Introduction of the Agriculture Act

13.11.2020
Chris Solt
Agriculture

The passing of the Agriculture Act, the first piece of domestic legislation covering farming for more than seven decades, sets out how Britain will farm for generations to come – and importantly it includes food standards protections.

It has taken over two years from initial publication of the bill to the Act becoming law, and much of it has evolved over that period, with sustained and effective lobbying from the NFU, other farming organisations and individual farmers all helping to shape the most important piece of legislation relating to rural Britain in our lifetime. 

Much of the argument has been centred around hopes and fears for what happens after Brexit, with concerns about British farmers being undercut by subsidised imports and food produced to inferior safety standards driving much of the political debate surrounding the Act.  

The creation of a Trade and Agriculture Commission, a dedicated group of agri-food and international trade experts who will provide expert advice to government, was a key win for the sector.  Now on a statutory footing, the government will have to listen to the Commission’s advice when it comes to considering the impacts of any post-Brexit trade deals on animal welfare, food productions and safety standards, and the wider UK farming industry. 

The other area of the Act which was beefed up during its sometimes stormy passage through Parliament was food security.  Given that the UK relies on imports for over half its food – and that much of that comes from the EU – a focus on ensuring that the nation is able to feed itself shouldn’t really be in question.  The Act requires the government to report every three years on the state of the UK’s food security, with the first report due by the end of 2021.

The NFU lists a number of other areas where the Act will benefit British Farming:

  • Rewarding farmers and producers: the Act empowers government to provide financial assistance for a wide set of purposes including improving soil quality, and supporting ‘selling, marketing, packaging or processing of products derived from an agricultural or horticultural activity’.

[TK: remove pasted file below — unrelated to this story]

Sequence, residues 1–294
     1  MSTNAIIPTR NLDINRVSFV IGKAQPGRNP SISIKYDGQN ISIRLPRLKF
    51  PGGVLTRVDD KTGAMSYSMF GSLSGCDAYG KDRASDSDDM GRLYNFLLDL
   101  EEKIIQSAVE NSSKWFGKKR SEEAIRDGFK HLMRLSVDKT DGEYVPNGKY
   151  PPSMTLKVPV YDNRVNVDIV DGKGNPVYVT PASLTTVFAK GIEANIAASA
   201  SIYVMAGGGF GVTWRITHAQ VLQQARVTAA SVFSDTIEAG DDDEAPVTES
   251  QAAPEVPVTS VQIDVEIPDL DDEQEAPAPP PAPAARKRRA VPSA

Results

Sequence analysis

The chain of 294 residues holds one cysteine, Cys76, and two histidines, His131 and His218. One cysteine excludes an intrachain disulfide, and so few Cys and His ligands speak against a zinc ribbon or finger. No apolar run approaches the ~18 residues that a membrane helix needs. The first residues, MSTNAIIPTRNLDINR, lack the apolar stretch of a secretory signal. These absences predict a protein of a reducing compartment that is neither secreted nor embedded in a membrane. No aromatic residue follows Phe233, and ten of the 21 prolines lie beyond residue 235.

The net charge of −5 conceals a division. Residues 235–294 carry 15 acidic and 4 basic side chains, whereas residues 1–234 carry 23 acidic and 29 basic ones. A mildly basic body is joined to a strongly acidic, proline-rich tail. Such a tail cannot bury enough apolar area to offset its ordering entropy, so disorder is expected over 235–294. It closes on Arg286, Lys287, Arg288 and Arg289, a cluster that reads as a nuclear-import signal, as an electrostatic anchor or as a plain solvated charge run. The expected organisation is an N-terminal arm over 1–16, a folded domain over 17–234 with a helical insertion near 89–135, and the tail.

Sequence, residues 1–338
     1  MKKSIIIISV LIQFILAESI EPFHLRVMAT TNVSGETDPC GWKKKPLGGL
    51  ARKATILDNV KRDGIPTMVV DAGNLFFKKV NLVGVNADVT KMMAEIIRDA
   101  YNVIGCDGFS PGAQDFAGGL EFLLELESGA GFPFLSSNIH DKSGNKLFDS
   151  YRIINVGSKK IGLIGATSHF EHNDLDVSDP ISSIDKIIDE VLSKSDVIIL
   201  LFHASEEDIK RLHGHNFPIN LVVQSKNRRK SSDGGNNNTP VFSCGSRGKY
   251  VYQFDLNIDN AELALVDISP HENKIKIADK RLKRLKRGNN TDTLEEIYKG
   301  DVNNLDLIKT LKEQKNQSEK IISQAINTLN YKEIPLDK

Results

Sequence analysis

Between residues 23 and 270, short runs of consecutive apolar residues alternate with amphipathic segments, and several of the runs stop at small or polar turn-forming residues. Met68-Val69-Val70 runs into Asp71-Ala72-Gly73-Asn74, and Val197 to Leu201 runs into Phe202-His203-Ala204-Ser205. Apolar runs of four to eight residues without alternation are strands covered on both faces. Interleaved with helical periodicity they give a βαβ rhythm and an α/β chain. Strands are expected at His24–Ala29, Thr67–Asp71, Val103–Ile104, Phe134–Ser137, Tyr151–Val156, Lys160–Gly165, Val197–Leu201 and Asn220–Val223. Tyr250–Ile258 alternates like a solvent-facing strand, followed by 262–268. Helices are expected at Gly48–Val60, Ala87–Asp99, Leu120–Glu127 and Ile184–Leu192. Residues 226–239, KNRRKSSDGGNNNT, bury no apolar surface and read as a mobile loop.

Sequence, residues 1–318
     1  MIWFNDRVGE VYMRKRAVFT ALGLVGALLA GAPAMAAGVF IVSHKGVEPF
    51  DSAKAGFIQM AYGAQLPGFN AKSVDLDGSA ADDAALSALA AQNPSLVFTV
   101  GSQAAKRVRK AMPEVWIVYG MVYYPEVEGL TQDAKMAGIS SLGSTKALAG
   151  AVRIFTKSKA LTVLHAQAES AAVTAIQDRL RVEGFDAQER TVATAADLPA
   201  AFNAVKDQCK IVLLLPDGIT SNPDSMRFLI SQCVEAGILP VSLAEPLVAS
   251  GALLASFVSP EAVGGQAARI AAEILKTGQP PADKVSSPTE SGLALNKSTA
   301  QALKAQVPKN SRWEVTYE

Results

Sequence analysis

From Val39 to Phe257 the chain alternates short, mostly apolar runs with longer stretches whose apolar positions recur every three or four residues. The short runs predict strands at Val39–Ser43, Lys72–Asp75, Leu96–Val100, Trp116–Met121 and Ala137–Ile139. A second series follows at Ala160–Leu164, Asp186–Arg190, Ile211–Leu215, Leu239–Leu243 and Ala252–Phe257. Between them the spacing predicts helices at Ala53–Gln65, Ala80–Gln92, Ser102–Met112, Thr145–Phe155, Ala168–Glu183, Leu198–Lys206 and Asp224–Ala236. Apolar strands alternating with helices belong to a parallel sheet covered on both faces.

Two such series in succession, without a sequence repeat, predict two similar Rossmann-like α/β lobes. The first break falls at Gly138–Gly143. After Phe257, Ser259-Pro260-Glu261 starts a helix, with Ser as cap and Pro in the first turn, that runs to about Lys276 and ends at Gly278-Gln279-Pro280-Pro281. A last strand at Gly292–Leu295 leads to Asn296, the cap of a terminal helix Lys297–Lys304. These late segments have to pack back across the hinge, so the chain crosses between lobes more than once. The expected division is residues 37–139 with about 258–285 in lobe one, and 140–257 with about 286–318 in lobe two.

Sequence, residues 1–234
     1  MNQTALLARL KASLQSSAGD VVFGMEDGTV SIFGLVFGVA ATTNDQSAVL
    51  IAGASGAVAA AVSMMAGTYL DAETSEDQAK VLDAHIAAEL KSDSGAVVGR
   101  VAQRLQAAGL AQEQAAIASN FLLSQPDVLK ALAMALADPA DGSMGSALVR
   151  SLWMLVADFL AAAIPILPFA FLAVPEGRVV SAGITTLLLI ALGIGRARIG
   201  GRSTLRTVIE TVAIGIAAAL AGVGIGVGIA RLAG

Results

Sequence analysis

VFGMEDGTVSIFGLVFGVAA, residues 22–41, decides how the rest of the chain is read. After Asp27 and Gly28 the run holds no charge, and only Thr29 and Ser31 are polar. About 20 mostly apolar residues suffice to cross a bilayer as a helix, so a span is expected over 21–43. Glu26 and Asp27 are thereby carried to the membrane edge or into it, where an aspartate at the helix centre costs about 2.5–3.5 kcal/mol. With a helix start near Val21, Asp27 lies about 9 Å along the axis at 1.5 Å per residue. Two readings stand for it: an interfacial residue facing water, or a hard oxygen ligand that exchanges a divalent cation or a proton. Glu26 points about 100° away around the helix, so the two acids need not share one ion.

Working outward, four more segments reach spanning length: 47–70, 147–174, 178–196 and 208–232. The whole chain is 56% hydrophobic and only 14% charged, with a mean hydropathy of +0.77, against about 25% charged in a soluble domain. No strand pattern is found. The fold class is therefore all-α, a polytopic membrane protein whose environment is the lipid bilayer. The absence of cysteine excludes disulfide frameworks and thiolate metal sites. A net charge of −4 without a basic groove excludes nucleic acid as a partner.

• Protecting the rights of farmers: this is essentially about curtailing the government’s right to demand legally-privileged data about anyone involved in an agri-food supply chain (a significant reigning in of the powers initially proposed).
  • Fairer dealings for farmers: the Act empowers the government to introduce regulations imposing obligations on all actors in the food supply chain, rather than just ‘first purchasers’.
  • Reforming tenancy matters: the Act modernises many aspects of tenancy law to give tenants greater flexibility and remove some barriers to productivity.
  • Livestock Information Programme: the Act includes powers for the government to set up a body to deliver the Livestock Information Programme, which will deliver a multi-species livestock traceability service to help reduce endemic diseases, improve risk-based trading, and help improve farms to demonstrate food provenance.

The Act passes into law just as farmers face an uncertain period of transition.  Brexit sees the end of the Basic Payment Scheme and the gradual introduction of its ‘replacement’, the Environmental Land Management Scheme (ELMS).  At least the framework within which farming will work during this potentially turbulent period has been established, and in a way which seemed unlikely just two years ago.

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